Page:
For every new city I visit, I try to taste their traditional food that I have never heard of before. Food can tell us about what is harvested in the country, what the local staple food is, and what ingredients they value. Food is also an expression of cultural identity that local people are extremely proud of. The evolution of food throughout history to produce more complex and sophisticated food could represent local economy, history, values, and beliefs.
My last trip to Budapest, Vienna, and Prague was very interesting because they all served one particular dish but with local variations. This dish is called “goulash.” This shepherd food originated in the Middle Ages in Hungary and is locally known as “gulyás.” On rare occasions when the cattle died or was slaughtered, the cowherds would roast the meat with onions and make it into a simple soup. They also added pepper if it was available to them. Due to various invasions from different ethnic groups and the Americas, the locals were introduced to the chili plant. They discovered that chilies could be dried and pounded into chili powder, known as paprika, which ended up replacing the pepper from earlier recipes.
THe beginnings of Goulash in Hungary
At the early history of goulash, it still remained a dish for the peasants. During Habsburg rule of the Austro-Hungarian Empire, Hungarians (Magyars) started to resent the Austrian culture that was forced upon them. Therefore, they began emphasizing their own Magyar customs by using their own language and promoting peasant culture. Goulash started to make way into urban kitchens and restaurants in the early 19th century.
The increase in the popularity of goulash in Hungary meant that paprika production was lagging behind, and thus, side innovations of processors to more efficiently produce paprika was developed. Paprika became incorporated into more and more dishes, in addition to those of the noblemen. Highly esteemed chefs started to include goulash in their menus, and therefore, transformed the identity of the goulash into a national dish rather than a peasant dish. Nowadays, it is served with potatoes, beans, or small dumplings in kettles.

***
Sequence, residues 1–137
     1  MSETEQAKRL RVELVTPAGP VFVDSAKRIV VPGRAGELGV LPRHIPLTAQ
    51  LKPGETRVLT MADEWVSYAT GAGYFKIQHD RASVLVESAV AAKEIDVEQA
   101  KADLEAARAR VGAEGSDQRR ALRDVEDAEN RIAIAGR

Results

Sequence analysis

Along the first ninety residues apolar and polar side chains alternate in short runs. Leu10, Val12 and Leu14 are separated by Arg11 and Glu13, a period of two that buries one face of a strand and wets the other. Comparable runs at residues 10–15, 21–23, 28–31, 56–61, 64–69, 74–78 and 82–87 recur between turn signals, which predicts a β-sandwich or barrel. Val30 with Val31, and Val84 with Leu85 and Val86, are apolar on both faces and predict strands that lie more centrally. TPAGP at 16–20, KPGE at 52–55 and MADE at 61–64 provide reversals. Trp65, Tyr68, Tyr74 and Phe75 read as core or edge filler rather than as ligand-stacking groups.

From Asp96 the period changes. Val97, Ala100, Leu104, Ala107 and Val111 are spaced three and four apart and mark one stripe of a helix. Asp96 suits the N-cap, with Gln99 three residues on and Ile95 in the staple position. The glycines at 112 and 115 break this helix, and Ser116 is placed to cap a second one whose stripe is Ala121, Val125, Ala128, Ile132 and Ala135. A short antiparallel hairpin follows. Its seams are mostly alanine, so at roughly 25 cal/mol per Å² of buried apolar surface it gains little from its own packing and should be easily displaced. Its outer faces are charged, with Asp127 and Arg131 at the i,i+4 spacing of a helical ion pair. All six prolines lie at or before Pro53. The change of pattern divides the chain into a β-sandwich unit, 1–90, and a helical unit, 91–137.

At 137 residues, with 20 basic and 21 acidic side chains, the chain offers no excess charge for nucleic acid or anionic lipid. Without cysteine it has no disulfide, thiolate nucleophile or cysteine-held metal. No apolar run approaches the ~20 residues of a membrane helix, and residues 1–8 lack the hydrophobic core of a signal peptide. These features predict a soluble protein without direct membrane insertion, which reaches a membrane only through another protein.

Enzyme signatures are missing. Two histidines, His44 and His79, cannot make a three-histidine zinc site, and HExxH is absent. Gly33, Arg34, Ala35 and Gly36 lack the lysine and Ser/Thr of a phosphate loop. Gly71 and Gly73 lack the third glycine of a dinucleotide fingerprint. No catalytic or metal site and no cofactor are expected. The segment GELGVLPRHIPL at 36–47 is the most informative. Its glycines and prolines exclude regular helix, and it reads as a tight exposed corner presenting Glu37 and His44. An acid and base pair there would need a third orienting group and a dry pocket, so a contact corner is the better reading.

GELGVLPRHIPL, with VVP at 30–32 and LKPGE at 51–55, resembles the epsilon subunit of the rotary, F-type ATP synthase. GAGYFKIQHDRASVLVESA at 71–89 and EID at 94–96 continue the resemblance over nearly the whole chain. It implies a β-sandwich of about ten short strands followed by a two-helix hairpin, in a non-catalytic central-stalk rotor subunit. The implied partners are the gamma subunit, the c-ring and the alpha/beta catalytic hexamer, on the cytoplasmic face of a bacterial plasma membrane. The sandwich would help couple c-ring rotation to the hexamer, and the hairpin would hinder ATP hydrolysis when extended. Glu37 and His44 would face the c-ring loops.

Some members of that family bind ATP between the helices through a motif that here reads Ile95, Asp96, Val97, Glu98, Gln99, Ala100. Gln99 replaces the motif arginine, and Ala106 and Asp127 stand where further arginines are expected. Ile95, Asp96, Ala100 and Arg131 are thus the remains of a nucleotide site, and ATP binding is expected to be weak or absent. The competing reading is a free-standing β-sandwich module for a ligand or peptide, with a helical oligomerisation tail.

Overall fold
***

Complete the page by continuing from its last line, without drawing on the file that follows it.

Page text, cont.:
Outside of Hungary though, most goulash are served as thick savory sauce and stew mainly made from beef. The Austro-Hungarian Empire allowed the ease of transmission of ideas and recipes. The Vienna-style goulash originated in the 19th century and is known as “Wiener Saftgulasch.” The Viennese also developed their own goulash, the Fiakergulasch (Coachmen’s goulash), which is served with sausage, fried egg, pickle, and bread dumpling. This goulash was developed for the ever-hungry coachmen who drives the carriages around Vienna.
Czech goulash also has its own history. During the time period when individual states promoted self-identity, goulash was introduced into regions of Czech Republic. The Czechs began to adapt the dish to local ingredients and their own tastes. Similar to the goulash in Vienna, it is served as a thick stew served with knedliky, the local dumpling. They also replaced the sweet paprika with spicy paprika. Czech goulash was popular since the beginning; however, it flourished even more during the Communist regimen after WWII. Interestingly, during the period, they only had one cookbook, “Recipes for Warm Meals,” which they were permitted to use. Due to the unavailability of certain special foods, they could only rely on the simplest recipe, the goulash.
In most cultures peasant dishes are the dishes that are considered to be traditional in today’s perspectives. This could be due to the use of local ingredients and those that are available throughout all seasons of the year. National dishes also stuck throughout history during times of prosperity as well as times of need, providing comfort all along. Dishes that suited the tastes of the noblemen utilizes many imported ingredients through trade routes and higher end seasonal foods that does not represent the identity of the majority of the citizens. Food is an extremely important lens into cultural identity and history of the country. Therefore, when you travel, always be open-minded to trying new food, because it is the easiest way to understand other’s history and culture.